Velocity NY 2013: Richard Cook, "Resilience In Complex Adaptive Systems"
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Resilience In Complex Adaptive Systems: Operating At The Edge Of Failure
Systems seem to run at the very edge of failure much of the time. The combination of high workload, limited resources, pressure for additional features and capability, and inherent software, hardware, and network fragility is a noxious kettle of stuff always about to boil over in the form of outages, degraded response, or functional breakdowns. For insiders the surprising thing about our systems is not that they fail so often but that they fail so rarely! This good performance in the face of adverse conditions is called resilience. An important conclusion from resilience studies is that it depends critically on human operators and their ability to anticipate and monitor the system, react to threats, and sacrifice some goals to protect others. This talk will introduce resilience and a model of system dynamics useful in analyzing failed and successful event management and offer an explanation for why our systems run at the edge of failure.
By sunils34 2017-09-20
Richard Cook's writing and talks on systems have hugely shaped my thinking on systems.
For those interested in more, he gave a highly entertaining talk on system resiliency here and introduces a helpful model. https://www.youtube.com/watch?v=PGLYEDpNu60
I also wrote a post summarizing how I think about Rasmussen’s model in startups and web applications. https://medium.com/@sunils34/managing-systems-ecbf161066cf
By pdkl95 2017-09-20
> the staff had become “de-sensitized” to the risk of a serious accident.
Yet again serious problems happen due to the Normalization Of Deviance. We really need to find a way to create working conditions that encourage correcting problematic situations immediately before the behavior becomes normalized.
Regarding the management/other problems... I encourage everyone in ever industry that is ever involved with safety (i.e. most industries) to see Richard Cook's short talk about "Resilience in Complex Adaptive Systems".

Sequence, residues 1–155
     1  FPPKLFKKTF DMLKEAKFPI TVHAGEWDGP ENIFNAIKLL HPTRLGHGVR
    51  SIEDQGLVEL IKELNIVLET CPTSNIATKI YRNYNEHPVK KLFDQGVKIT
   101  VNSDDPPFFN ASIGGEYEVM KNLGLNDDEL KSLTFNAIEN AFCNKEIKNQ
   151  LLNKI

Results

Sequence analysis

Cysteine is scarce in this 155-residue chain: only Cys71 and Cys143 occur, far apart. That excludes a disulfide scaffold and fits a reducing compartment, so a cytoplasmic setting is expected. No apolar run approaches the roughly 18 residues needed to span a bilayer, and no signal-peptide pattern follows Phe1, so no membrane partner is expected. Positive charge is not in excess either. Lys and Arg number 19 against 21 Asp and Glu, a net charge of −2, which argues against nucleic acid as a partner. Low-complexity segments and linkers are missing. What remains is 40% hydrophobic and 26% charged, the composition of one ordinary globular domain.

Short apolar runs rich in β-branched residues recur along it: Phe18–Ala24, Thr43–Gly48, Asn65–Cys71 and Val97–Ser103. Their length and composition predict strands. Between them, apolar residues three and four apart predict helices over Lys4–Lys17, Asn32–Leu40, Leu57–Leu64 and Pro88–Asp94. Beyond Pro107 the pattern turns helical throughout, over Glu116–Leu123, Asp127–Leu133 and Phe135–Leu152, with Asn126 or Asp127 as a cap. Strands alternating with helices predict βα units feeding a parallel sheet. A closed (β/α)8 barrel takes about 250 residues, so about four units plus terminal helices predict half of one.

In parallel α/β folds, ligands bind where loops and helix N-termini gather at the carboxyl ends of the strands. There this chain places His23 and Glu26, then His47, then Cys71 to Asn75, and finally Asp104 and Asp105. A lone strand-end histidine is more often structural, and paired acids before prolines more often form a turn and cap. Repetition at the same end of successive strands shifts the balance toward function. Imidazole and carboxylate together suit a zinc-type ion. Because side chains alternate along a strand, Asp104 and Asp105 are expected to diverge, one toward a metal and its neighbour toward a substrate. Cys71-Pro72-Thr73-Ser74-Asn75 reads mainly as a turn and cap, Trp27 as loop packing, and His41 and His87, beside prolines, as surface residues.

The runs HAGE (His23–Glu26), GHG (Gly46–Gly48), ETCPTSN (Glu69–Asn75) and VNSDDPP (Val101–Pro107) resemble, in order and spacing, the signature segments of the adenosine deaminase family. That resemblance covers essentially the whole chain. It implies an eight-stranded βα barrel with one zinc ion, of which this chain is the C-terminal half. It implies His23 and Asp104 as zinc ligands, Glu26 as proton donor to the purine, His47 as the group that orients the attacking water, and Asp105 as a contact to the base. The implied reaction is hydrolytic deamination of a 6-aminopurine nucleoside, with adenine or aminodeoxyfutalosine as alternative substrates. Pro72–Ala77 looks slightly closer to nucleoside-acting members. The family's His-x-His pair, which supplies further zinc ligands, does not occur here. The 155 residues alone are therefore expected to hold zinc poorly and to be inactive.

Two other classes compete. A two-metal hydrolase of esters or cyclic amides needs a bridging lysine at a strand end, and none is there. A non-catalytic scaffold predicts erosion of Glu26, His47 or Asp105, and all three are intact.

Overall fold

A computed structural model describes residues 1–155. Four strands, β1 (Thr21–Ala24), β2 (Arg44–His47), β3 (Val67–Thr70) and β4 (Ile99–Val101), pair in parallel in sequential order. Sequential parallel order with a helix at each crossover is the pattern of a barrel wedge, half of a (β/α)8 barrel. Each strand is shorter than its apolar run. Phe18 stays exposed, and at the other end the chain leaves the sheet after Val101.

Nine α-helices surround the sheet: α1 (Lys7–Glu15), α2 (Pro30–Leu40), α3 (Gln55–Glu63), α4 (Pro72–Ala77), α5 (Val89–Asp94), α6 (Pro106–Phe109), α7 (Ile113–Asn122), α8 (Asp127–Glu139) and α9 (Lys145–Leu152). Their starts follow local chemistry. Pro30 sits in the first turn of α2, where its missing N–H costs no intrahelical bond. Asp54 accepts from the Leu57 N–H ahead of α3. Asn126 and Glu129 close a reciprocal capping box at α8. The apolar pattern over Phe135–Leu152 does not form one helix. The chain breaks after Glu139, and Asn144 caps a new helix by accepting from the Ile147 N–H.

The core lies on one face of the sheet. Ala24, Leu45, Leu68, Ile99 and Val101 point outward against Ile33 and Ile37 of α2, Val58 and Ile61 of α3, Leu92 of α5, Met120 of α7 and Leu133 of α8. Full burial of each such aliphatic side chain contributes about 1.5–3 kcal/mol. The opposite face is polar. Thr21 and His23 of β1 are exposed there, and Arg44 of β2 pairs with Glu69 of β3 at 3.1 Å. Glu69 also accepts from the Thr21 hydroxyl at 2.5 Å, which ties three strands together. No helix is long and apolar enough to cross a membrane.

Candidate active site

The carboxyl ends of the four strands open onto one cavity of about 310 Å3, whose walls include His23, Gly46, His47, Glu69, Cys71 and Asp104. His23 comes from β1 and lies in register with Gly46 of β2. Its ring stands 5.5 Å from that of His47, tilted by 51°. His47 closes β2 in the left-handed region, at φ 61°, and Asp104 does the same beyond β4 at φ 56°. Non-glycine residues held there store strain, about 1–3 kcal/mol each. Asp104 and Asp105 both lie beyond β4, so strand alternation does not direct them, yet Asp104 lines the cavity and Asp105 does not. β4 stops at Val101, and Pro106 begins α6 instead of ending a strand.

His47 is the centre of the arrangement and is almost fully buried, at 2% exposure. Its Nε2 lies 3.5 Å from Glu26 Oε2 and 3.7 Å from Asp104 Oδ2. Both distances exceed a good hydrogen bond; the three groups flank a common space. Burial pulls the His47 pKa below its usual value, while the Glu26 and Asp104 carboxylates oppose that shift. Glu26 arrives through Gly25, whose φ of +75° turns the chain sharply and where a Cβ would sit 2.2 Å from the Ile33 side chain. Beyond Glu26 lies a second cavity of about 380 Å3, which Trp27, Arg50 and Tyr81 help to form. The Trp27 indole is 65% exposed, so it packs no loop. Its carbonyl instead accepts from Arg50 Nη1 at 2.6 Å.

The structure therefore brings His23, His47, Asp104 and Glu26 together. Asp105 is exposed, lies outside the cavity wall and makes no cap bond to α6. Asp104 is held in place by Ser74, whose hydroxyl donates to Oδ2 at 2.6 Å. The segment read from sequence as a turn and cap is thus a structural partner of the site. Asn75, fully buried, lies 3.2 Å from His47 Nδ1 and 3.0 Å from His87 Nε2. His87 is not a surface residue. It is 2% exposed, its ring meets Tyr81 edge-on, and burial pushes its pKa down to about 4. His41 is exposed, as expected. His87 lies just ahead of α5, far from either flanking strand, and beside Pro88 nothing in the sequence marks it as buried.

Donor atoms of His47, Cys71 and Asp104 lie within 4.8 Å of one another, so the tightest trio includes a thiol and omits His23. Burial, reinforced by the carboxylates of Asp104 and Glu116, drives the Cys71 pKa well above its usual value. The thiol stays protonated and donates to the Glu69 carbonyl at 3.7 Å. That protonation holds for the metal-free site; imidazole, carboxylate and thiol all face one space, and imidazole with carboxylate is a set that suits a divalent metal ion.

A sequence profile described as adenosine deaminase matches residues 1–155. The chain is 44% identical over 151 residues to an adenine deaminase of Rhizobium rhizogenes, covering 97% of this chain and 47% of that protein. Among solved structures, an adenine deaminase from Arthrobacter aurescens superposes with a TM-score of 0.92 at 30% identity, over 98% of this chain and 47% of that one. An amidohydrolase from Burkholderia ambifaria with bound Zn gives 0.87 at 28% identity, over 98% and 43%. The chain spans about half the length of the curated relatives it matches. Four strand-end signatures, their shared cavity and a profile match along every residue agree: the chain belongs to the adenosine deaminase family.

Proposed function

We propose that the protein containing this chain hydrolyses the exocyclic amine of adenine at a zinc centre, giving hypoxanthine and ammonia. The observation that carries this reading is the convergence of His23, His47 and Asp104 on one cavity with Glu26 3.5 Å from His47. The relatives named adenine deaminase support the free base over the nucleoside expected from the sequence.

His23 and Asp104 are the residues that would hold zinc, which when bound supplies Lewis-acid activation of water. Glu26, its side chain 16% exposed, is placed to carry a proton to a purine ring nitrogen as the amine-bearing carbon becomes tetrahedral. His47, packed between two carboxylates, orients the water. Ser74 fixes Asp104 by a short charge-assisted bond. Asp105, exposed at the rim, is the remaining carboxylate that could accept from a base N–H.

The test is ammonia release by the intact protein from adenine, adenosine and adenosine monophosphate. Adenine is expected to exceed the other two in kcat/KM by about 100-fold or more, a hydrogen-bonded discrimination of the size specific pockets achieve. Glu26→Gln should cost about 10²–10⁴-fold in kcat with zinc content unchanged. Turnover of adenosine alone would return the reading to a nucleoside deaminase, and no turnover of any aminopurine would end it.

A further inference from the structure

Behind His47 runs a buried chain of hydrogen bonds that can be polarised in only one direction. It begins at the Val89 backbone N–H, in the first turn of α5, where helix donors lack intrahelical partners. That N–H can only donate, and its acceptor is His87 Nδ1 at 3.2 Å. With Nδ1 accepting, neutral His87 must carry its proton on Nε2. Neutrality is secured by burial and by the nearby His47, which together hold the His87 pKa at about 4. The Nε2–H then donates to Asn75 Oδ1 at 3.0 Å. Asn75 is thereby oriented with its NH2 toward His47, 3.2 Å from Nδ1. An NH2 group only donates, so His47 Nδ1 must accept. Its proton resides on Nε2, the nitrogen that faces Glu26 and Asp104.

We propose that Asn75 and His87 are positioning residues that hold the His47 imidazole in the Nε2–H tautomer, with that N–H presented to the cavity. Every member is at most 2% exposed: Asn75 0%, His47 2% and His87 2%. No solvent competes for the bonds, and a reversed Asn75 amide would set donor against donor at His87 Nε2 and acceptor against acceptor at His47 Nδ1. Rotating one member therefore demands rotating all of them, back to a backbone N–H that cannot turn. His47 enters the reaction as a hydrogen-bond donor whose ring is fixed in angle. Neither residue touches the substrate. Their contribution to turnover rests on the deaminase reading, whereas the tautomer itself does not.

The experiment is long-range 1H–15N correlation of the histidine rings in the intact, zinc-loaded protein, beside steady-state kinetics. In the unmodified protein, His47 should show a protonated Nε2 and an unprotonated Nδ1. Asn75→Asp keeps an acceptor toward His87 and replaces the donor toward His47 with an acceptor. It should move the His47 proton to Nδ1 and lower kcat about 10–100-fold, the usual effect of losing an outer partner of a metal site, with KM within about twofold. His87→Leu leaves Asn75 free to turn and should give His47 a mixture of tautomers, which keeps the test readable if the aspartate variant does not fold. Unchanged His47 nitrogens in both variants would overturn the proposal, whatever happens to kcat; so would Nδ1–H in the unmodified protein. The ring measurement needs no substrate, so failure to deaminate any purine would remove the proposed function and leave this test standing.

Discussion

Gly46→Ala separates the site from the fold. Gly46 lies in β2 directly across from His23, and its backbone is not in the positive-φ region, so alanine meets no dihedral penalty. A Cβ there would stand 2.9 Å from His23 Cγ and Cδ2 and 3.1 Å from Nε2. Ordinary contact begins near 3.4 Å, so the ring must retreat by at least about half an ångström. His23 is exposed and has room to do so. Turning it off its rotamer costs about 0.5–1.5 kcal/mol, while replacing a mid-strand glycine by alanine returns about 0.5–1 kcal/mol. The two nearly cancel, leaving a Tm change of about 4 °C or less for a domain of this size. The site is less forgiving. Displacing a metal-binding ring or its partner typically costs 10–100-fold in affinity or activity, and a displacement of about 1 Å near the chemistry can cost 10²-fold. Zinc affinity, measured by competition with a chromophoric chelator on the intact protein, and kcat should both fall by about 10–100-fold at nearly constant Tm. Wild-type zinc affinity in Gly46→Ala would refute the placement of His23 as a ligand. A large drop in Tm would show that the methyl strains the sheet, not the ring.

By pdkl95 2017-09-20
I should have used more specific language; I'm not trying to argue that short selling is "bad". The benefits - such as dampening a crashing market - are large enough to accommodate some risk. I'm primarily addressing the claim that, "There's absolutely nothing wrong with short selling". Ignoring small, acceptable risks is normalizing deviance.
By pdkl95 2017-12-05
> both individual and group ethics have to fail
However, they don't have to fail at the same time or in a single step. This type of problem can creep in slowly over years as the "normalization of deviance".
Richard Cook presented a very useful model for how this type of problem creeps into complex system. The pressure from economic and workload concerns never goes away, so unless there is a proactive, explicit counter force, way to push back against that force, the system will inevitably be pushed toward failure. Therefor it's important to stop problems early when they are small. The magnitude of the counter force increases rapidly as behavior becomes increasingly deviant.
By pdkl95 2018-04-21
Aka "Normalization of Deviance". Fix the minor problems now, or they become the new normal, eventually accumulating until a huge deviance from "normal" behavior isn't even noticed. The stories about airline pilots completely ignoring checklists and unusual alarms while trying to take off with the gust lock still engaged are a shocking example of strong this effect can be.
For a very good explanation of how this happens, see Richard Cook's short talk "Resilience in Complex Adaptive Systems".